The Sojourn at Nazareth
This Friday afternoon Jesus walked about Nazareth quite unobserved and wholly unrecognized. He passed by the home of his childhood and the carpenter shop and spent a half hour on the hill which he so much enjoyed when a lad. Not since the day of his baptism by John in the Jordan had the Son of Man had such a flood of human emotion stirred up within his soul. While coming down from the mount, he heard the familiar sounds of the trumpet blast announcing the going down of the sun, just as he had so many, many times heard it when a boy growing up in Nazareth. Before returning to the encampment, he walked down by the synagogue where he had gone to school and indulged his mind in many reminiscences of his childhood days. Earlier in the day Jesus had sent Thomas to arrange with the ruler of the synagogue for his preaching at the Sabbath morning service.
The people of Nazareth were never reputed for piety and righteous living. As the years passed, this village became increasingly contaminated by the low moral standards of near-by Sepphoris. Throughout Jesus’ youth and young manhood there had been a division of opinion in Nazareth regarding him; there was much resentment when he moved to Capernaum. While the inhabitants of Nazareth had heard much about the doings of their former carpenter, they were offended that he had never included his native village in any of his earlier preaching tours. They had indeed heard of Jesus’ fame, but the majority of the citizens were angry because he had done none of his great works in the city of his youth. For months the people of Nazareth had discussed Jesus much, but their opinions were, on the whole, unfavorable to him.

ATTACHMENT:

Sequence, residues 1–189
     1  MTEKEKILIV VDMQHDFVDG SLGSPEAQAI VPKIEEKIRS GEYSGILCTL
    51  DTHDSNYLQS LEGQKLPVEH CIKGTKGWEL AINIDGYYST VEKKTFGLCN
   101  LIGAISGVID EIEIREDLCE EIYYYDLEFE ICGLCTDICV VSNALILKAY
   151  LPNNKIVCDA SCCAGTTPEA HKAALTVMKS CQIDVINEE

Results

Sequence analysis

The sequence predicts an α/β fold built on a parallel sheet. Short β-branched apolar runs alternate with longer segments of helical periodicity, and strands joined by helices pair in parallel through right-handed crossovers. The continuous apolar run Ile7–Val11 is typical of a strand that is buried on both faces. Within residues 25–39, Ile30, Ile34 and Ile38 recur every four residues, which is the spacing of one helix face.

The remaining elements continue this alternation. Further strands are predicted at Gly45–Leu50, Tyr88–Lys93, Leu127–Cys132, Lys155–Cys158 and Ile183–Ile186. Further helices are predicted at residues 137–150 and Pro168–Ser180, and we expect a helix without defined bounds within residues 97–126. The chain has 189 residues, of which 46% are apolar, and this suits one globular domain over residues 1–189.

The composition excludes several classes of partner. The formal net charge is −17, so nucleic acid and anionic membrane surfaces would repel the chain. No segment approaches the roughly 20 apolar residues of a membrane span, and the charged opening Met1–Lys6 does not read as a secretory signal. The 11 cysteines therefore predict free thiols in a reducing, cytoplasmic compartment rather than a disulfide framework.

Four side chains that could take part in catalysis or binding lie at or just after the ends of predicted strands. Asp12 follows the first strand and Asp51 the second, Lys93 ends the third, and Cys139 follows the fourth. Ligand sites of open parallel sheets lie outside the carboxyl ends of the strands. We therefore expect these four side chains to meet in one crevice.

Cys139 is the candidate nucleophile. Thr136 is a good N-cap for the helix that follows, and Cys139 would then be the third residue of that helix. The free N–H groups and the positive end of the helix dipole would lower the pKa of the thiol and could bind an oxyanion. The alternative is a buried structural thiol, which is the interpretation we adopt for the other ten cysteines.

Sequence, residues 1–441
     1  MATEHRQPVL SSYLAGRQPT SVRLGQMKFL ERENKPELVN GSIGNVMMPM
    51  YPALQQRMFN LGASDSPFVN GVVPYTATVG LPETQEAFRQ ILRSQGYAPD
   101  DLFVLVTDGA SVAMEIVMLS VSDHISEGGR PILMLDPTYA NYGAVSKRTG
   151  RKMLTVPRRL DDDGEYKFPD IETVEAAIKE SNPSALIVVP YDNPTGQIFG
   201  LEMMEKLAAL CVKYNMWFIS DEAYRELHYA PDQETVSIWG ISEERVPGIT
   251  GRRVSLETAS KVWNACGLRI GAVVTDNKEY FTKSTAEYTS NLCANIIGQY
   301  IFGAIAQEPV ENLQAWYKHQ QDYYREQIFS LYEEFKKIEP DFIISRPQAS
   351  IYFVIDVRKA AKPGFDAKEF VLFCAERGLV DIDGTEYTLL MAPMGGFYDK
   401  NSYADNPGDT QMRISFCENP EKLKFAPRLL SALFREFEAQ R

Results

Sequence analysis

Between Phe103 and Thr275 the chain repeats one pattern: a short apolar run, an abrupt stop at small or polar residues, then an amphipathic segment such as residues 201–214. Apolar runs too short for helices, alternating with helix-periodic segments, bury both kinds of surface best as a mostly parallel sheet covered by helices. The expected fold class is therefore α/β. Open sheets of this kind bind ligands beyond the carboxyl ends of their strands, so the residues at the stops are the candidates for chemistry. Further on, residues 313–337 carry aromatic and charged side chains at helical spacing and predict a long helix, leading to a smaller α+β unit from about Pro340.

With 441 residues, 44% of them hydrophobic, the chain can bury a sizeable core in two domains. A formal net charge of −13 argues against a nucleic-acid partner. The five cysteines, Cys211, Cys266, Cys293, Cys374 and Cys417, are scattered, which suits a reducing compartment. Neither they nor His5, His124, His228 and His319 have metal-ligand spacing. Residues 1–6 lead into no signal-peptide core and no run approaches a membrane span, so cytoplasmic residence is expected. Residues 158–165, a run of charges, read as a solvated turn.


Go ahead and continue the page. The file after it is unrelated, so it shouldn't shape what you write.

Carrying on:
Thus did the Master find himself in the midst of, not a welcome homecoming, but a decidedly hostile and hypercritical atmosphere. But this was not all. His enemies, knowing that he was to spend this Sabbath day in Nazareth and supposing that he would speak in the synagogue, had hired numerous rough and uncouth men to harass him and in every way possible make trouble.
Most of the older of Jesus’ friends, including the doting chazan teacher of his youth, were dead or had left Nazareth, and the younger generation was prone to resent his fame with strong jealousy. They failed to remember his early devotion to his father’s family, and they were bitter in their criticism of his neglect to visit his brother and his married sisters living in Nazareth. The attitude of Jesus’ family toward him had also tended to increase this unkind feeling of the citizenry. The orthodox among the Jews even presumed to criticize Jesus because he walked too fast on the way to the synagogue this Sabbath morning.
--Presented by the Midwayer Commission, from the Urantia Papers.
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